Anna Journey is the author of the collection, If Birds Gather Your Hair for Nesting (University of Georgia Press, 2009), selected by Thomas Lux for the National Poetry Series. Her poems are published in American Poetry Review, FIELD, Kenyon Review, and Shenandoah, and her essays appear in At Length, Blackbird, Notes on Contemporary Literature, Parnassus, and Plath Profiles. Journey holds a PhD in creative writing and literature from the University of Houston, and she currently teaches creative writing at the University of Southern California. She recently received a fellowship in poetry from the National Endowment for the Arts.
is the author of The Last Time I Saw Amelia Earhart
(Persea 2005) and Apocalyptic Swing (Persea 2009), which was
a finalist for The Los Angeles Times Book Award. She is the recipient
of numerous awards and fellowships including a Stegner Fellowship and
Jones Lectureship from Stanford University, a Rona Jaffe Woman
Writer's Award and a fellowship to Civitella di Ranieri in Umbria. Her
poems have been featured in the Washington Post and on Garrison
Keillor's Poet's Almanac and in numerous journals. She is the poetry editor for The Los Angeles Review of Books and is on the advisory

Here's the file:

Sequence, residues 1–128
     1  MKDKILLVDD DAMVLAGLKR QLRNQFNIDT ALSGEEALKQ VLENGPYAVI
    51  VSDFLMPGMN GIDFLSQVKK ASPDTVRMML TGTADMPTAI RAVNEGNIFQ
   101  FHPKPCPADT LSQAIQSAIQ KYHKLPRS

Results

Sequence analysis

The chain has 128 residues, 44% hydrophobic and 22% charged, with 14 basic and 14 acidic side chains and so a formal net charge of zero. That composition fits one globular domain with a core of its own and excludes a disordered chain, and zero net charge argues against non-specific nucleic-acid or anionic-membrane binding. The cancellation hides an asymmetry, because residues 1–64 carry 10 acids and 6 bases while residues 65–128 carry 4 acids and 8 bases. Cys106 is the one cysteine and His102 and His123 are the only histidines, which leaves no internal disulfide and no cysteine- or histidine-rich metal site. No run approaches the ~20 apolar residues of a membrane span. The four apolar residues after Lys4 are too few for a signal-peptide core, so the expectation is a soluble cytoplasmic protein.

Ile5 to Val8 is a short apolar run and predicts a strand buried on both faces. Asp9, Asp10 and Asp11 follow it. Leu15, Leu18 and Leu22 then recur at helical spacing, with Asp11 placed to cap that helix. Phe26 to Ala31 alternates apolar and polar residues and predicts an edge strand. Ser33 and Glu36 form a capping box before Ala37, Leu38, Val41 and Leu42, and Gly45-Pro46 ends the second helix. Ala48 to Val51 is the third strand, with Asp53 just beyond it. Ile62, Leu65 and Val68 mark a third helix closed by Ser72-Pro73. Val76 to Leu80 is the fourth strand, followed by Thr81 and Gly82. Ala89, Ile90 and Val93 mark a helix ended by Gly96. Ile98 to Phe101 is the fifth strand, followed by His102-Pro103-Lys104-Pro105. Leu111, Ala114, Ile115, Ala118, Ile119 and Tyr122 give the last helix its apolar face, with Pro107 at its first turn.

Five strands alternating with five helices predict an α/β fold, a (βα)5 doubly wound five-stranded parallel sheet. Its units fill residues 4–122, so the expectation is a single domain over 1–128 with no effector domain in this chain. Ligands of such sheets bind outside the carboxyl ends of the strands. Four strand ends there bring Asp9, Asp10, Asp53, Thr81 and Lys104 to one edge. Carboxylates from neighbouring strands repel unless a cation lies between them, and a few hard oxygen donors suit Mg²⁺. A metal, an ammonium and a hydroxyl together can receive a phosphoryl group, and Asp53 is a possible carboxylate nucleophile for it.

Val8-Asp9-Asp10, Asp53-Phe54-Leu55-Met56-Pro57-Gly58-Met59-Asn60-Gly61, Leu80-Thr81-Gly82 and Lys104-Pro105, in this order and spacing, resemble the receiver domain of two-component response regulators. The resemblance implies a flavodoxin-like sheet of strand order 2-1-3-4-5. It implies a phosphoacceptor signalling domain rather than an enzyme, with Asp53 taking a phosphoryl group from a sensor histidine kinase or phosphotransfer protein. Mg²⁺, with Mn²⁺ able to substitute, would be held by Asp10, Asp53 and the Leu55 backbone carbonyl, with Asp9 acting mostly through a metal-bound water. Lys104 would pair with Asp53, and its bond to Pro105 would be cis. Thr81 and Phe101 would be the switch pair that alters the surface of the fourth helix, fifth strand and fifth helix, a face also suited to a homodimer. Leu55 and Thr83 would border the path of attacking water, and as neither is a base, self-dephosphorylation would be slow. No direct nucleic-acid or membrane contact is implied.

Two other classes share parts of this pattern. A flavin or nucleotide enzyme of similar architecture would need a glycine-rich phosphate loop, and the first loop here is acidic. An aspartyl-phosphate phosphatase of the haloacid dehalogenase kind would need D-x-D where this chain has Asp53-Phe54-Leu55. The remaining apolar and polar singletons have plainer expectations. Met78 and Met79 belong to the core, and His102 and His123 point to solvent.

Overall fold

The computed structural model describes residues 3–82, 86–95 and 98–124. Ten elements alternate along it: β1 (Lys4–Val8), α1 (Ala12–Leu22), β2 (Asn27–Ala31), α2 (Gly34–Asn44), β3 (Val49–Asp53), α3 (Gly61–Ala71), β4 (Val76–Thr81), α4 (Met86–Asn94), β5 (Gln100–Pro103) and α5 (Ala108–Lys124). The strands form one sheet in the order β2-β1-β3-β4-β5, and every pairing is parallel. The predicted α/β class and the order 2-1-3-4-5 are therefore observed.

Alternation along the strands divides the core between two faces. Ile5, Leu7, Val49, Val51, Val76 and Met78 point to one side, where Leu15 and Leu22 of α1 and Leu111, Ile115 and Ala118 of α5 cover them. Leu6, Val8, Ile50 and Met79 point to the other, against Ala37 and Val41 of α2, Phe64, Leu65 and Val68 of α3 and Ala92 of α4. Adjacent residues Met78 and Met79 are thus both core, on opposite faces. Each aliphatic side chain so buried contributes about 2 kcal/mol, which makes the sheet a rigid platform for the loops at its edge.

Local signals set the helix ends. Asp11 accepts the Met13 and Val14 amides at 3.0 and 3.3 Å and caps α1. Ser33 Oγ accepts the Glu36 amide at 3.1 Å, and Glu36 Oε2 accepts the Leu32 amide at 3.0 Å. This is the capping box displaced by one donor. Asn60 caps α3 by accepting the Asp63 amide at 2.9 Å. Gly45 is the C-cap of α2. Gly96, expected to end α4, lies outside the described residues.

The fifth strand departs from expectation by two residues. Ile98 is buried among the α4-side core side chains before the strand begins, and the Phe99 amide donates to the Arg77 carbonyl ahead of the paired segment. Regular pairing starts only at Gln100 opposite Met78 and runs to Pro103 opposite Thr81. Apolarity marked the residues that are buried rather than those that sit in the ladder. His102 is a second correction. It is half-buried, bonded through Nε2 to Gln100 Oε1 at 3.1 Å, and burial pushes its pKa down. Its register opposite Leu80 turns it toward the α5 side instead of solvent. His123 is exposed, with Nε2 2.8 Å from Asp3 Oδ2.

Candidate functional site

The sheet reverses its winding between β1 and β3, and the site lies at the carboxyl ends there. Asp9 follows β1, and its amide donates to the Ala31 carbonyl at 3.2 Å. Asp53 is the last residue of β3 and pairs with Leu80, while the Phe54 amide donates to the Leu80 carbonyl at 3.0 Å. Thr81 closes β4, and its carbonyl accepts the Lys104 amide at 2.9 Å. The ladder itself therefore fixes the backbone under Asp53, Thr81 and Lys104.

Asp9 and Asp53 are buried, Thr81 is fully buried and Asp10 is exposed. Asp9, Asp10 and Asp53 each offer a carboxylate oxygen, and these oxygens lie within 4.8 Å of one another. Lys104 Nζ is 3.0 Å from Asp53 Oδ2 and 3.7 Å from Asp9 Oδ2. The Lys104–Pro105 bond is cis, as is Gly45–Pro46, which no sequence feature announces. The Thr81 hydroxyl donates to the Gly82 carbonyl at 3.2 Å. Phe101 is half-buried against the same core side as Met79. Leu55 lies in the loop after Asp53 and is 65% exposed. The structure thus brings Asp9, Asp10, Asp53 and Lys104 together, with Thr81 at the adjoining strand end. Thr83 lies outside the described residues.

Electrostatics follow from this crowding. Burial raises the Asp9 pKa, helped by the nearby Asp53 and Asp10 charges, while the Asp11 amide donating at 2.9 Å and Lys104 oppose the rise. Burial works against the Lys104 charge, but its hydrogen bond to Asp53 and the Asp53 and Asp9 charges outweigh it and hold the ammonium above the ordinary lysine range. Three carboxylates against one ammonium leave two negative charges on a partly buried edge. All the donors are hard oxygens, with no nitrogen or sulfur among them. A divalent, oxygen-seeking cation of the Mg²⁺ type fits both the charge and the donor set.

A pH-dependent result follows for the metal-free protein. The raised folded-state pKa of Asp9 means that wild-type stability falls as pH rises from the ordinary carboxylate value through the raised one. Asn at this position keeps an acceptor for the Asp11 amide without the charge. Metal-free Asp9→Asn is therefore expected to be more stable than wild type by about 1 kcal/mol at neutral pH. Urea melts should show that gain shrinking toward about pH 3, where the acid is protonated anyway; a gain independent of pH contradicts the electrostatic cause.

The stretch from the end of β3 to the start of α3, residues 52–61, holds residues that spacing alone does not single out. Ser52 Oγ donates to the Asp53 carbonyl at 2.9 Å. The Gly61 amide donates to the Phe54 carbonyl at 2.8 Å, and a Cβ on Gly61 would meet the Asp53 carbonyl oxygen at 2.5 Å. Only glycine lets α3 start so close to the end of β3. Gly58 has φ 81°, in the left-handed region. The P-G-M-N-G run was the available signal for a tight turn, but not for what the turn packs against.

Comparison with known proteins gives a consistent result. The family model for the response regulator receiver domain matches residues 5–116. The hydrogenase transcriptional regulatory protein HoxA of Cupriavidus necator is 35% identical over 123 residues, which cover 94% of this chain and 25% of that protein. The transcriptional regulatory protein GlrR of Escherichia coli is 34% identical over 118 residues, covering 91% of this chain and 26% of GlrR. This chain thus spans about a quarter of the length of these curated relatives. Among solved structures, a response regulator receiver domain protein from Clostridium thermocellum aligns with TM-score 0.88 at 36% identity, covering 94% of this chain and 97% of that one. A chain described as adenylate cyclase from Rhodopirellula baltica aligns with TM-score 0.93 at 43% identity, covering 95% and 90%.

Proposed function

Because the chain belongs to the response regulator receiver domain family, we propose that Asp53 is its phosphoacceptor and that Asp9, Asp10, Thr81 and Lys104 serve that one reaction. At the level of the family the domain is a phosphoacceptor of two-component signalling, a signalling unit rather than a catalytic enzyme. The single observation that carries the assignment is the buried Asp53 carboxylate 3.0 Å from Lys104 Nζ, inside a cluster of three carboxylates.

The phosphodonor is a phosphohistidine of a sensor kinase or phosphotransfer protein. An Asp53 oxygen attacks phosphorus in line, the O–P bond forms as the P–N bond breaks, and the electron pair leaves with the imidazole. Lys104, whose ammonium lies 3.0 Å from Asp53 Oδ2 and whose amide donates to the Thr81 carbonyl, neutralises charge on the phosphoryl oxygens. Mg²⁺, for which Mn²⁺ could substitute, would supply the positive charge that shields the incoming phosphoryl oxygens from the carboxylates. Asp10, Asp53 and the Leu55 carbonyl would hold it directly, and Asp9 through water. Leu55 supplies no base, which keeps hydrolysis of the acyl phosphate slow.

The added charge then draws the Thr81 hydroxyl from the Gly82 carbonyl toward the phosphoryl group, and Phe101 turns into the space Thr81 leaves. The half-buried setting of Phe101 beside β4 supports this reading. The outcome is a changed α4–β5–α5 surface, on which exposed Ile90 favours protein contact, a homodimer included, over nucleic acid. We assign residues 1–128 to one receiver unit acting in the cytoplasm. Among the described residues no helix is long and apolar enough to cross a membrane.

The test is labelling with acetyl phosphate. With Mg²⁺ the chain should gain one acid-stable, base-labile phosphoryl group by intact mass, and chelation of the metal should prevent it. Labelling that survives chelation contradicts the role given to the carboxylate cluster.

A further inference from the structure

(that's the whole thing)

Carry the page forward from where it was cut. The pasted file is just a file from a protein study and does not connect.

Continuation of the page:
board of The Rumpus' Poetry Book Club. Along with gallerist Heather
Taylor she curates the acclaimed reading series, Eating Our Words
(eatingrwords.com). She lives in Los Angeles.
is a novelist and screenwriter. Her first book, Skin Deep
, was heralded by the New York Times as a “brilliant debut.” Her second novel, Spontaneous
, won the 2001 PEN Center USA Literary Award for Fiction. Bump
, her last novel, was short-listed for the Dublin Literary Prize. Most recently, she has published short stories in Los Angeles Noir
, Black Clock
, and the premiere issue of Electric Literature
alongside Michael Cunningham and Jim Shepard. As a screenwriter, Wagman wrote DELIVERING MILO (2001) starring Albert Finney and Bridget Fonda. Her reviews and essays have appeared in The Los Angeles Times
, The LA Weekly
, and Poets & Writers
. She lives in Los Angeles with her husband and two children.
is an award winning writer whose short story collection Yes, Yes, Cherries
was published in 2007 by Tin House Books. She has had stories and essays published in Best New American Voices
, Los Angeles Times
, Tin House
, Berkeley Literary Journal
, Alaska Quarterly Review
, Cincinnati Review
, and Santa Monica Review
. Her writing has recently been anthologized in Woof: Fiction Writers on Dogs
(Viking) and Tales of Sex and Love
(Tin House). Her story "Pilgrim Girl" received an honorable mention for a Pushcart Prize, and her story "Unstruck" was cited in 100 Distinguished Stories in the Best American Short Stories 2006. She is a Walter Dakin Fellow, and in 2009 was invited by the NEA in collaboration with la Fil to attend the Guadalajara Book Festival as a fiction writer. Originally from the Boston area, Mary is a fiction professor in the UC Riverside Low-Residency MFA Program where she is part of the core faculty.